I was disappointed because I had high hopes going in. Normally I love long, meaty novels such as Hilary Mantel's "Wolf Hall" and "Bring up the Bodies", and have previously enjoyed 19th C pastiche such as Charles Palliser's "The Quincunx". I was frustrated that this novel puts form and structure above pace and narrative drive. I was annoyed that the final section (after the conclusion of the trial) adds little or nothing to the story to justify dragging out its length.

Any additional comments?

I did enjoy the period New Zealand setting and background detail about gold mining. Eleanor Catton is young and very talented, I am sure she will develop as a writer and produce something remarkable and enjoyable.

23 of 23 people found this review helpful

  • Overall
    2 out of 5 stars
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    3 out of 5 stars
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    2 out of 5 stars
  • Faiergreen
  • 11-20-13

Good narration, but I lost the will to carry on.

What disappointed you about The Luminaries?

I have been a audible listener for 8 years and this is only the second book I have decided to not finish. I always buy unabridged books as I like the longer more detailed stories which have time to develop and reflect the authors true intention for the reader in terms of the characters and story line. Having read the reviews I excitably started listening but after a few hours wondered what I had bought. Yes it is descriptive in terms of the characters but often this is overstated and too detailed and detracts the listener from where the story is going. Eventually the feeling of actually getting nowhere in terms of the story line and realising that there probably won't be a breakthrough in terms of the plot has led me to take the decision to stop listening and put this one down to experience.As previously stated, I adore a longer story but really found I had to push myself to keep listening which as I listen for pleasure was not my idea of fun.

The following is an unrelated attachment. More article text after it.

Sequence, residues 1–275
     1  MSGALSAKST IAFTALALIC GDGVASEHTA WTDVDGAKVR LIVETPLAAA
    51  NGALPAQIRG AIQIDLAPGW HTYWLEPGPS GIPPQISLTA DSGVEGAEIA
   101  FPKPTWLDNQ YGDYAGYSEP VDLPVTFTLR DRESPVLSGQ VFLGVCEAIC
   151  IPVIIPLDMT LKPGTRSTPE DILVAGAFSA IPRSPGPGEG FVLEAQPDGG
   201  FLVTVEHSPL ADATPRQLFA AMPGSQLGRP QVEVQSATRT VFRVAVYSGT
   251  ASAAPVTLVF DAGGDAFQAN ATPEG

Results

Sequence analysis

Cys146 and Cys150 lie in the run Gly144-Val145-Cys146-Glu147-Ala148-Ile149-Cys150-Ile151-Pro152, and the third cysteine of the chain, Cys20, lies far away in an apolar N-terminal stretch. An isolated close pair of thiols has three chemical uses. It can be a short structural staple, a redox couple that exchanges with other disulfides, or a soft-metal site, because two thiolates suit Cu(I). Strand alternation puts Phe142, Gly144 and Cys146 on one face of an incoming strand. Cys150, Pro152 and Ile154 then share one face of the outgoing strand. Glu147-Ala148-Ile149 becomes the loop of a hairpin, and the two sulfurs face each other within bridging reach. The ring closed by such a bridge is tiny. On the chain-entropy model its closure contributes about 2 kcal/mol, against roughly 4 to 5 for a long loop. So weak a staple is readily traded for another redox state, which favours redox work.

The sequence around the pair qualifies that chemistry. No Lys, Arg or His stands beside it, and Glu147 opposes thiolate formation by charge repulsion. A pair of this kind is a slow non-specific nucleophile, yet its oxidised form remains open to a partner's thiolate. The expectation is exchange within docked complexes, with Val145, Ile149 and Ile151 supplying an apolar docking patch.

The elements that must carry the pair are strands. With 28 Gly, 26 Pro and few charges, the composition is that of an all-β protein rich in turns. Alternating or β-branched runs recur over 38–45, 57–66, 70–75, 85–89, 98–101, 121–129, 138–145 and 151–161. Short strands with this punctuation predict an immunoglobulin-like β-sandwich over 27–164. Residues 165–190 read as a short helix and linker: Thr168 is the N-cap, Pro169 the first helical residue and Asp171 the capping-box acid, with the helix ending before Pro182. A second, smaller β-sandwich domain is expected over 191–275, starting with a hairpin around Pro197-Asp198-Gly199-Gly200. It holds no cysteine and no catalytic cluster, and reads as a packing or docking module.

Would you ever listen to anything by Eleanor Catton again?

Probably not.

What did you like about the performance? What did you dislike?

Performance was clear and easy to listen to.

What reaction did this book spark in you? Anger, sadness, disappointment?

Disappointment and wondering if it was just me who didn't get it?

10 of 10 people found this review helpful

  • Overall
    5 out of 5 stars
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    5 out of 5 stars
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    4 out of 5 stars
  • Avid reader
  • 12-12-13

Gripping tale with a strong sense of place

Would you listen to The Luminaries again? Why?

I would listen to it again if only to go over some of the details and see how it all hangs together.

What did you like best about this story?

I enjoyed the historical setting and the slow way the story unfolded. Trying to work out the chronological order of events was also an enjoyable challenge.

Which scene did you most enjoy?

I enjoyed the scene where Walter Moody is reading some letters he's found. That's when events started to fall into place.

Any additional comments?